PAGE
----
How many 81-year-old retired Jewish florists in Brooklyn were pen pals with Col. Muammar Gaddafi? At least one: Louis Schlamowitz.
The New York Post published a story Monday in which Schlamowitz, who has made writing to world leaders something of a hobby, calls the former Libyan dictator "a good pen pal."
“I felt it was very nice of him to take the time to write back to me, because I’m nobody special," Schlamowitz said.
Schlamowitz says he first wrote to Gaddafi in 1969, after he took power in Libya.
“I wished him well and congratulated him on being the new leader of Libya, hoping for many more years ahead of him,” Schlamowitz said. “At end of letter, I said I’d be very grateful if he would send a personal picture of himself to add to my Middle East collection.”
A month later, he got an autographed photograph in the mail and a note of thanks for the "kind message."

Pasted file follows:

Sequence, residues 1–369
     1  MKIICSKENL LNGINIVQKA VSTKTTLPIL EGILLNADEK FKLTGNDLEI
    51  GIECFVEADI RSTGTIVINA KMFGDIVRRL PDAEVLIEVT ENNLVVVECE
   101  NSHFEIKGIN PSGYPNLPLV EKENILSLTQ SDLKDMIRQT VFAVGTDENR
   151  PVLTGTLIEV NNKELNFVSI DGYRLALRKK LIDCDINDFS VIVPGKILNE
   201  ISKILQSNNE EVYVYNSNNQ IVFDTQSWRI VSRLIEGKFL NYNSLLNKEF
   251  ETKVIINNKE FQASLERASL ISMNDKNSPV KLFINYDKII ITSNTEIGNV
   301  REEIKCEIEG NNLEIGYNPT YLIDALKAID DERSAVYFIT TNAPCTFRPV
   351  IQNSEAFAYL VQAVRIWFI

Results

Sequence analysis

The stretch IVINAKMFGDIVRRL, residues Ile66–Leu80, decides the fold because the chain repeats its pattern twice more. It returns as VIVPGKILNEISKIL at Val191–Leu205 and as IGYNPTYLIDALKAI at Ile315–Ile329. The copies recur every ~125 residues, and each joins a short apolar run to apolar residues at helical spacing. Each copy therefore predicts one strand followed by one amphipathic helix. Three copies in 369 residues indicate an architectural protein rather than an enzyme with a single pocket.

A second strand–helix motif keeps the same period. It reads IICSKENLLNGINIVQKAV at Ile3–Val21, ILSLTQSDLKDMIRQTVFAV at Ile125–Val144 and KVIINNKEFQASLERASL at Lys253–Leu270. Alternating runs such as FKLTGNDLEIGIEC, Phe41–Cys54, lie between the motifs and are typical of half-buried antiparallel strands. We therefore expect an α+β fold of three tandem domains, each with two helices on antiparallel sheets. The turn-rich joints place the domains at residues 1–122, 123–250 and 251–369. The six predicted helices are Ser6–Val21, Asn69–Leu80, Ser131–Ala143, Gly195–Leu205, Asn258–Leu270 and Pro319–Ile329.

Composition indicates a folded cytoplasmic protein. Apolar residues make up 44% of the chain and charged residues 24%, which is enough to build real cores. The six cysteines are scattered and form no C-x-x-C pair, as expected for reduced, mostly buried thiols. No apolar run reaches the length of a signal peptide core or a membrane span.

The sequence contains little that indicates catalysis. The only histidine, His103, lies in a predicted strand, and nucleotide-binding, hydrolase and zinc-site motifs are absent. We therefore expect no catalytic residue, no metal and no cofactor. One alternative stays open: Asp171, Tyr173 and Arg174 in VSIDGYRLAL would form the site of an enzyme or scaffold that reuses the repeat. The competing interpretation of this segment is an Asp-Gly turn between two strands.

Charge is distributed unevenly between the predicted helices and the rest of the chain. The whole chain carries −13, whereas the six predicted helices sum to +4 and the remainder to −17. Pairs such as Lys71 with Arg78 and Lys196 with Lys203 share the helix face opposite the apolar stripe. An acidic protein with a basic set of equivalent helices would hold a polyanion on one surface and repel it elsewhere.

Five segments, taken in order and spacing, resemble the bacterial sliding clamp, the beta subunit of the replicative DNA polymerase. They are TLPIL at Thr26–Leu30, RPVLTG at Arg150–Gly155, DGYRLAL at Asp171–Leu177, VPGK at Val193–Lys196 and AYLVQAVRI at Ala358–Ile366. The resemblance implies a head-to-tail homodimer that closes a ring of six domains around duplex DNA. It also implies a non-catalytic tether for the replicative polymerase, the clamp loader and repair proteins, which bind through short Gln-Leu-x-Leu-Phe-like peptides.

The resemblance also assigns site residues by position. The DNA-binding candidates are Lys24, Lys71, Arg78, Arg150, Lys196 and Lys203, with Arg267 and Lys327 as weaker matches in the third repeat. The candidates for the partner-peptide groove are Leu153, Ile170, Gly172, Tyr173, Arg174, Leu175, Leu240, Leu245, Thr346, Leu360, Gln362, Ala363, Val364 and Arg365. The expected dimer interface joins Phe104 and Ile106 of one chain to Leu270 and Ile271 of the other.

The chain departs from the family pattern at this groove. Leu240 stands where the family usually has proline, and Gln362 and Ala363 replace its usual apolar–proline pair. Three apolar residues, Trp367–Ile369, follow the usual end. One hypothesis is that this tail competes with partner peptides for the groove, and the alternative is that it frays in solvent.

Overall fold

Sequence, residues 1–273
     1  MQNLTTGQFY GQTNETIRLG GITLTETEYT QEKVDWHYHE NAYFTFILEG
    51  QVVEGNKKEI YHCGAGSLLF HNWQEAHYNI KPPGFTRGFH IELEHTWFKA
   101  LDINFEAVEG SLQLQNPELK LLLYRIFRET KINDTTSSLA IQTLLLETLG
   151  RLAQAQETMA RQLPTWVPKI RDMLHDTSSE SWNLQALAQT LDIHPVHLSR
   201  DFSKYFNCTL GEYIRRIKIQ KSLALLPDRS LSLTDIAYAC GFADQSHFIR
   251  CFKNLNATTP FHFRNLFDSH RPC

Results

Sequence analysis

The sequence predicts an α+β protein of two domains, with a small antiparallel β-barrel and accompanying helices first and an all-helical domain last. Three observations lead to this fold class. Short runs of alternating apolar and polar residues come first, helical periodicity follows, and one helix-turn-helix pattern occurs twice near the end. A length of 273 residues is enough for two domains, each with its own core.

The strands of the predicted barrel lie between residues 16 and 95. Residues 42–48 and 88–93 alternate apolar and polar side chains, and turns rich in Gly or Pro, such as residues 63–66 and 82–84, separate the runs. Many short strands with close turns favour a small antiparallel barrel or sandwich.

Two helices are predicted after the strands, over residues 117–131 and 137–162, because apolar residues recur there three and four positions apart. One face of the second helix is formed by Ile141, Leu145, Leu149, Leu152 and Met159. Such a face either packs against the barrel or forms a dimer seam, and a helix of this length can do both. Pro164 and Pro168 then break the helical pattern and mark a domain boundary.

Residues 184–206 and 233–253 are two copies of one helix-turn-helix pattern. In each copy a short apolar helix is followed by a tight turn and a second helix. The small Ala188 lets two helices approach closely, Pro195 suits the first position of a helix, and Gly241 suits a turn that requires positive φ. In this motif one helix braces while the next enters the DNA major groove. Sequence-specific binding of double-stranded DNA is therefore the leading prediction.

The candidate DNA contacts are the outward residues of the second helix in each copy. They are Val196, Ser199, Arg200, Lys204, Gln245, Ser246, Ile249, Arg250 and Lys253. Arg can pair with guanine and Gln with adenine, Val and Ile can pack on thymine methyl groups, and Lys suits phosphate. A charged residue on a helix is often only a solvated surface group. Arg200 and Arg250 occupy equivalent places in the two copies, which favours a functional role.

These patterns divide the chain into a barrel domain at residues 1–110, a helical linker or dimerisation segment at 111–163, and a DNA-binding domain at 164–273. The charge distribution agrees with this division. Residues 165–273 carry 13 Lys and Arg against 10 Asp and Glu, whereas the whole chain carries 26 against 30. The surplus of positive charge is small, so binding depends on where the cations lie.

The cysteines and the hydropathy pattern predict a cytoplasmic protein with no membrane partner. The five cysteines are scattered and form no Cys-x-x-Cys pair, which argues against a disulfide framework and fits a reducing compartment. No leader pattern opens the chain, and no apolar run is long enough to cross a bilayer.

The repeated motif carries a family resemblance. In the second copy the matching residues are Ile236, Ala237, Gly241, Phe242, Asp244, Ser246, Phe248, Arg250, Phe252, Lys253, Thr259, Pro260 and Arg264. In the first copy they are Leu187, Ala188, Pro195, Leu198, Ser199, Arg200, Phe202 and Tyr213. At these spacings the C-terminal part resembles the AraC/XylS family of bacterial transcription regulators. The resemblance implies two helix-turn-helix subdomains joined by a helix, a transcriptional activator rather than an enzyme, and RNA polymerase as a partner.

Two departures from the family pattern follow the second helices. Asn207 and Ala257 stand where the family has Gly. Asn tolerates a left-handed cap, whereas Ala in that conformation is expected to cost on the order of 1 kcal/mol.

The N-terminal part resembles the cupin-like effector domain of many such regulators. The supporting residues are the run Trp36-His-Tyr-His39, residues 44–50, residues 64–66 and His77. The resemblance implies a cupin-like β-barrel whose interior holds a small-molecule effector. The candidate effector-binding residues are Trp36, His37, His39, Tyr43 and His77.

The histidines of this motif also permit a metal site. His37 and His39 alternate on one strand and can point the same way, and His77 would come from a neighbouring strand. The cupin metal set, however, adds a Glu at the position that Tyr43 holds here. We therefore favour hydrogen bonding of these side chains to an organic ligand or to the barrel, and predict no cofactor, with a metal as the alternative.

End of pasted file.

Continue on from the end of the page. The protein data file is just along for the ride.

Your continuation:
Schlamowitz started sending Gaddafi Christmas cards. In 1981, the pair traded thoughts on Israel. Then, in 1988, after the Lockerbie bombing, Schlamowitz stopped writing to Gaddafi. But six months ago, after the uprising in Libya began, Schlamowitz wrote to check in. The letter was returned unopened.
“I felt bad about how he was slaughtered," Schlamowitz told the Post. "They really gave him the one-two-three. But that’s politics.”
The New York Times offered some more details on Schlamowitz's many correspondences with the powerful. He has signed letters or photographs from Hosni Mubarak, Ayatollah Ruhollah Khomeini, Bashar al-Assad, and Yasir Arafat, plus "Harry S. Truman, every living Supreme Court justice, every astronaut who walked on the moon, scores of movie stars, several popes, and John F., Robert F. and Edward M. Kennedy."
His exploits have garnered him attention from all sorts of media outlets over the years. And the CIA and the FBI have both paid him visits over the years. He told the Times he showed them his closet full of autographs.
“I said I collected them as a hobby, and they were amazed,” he said.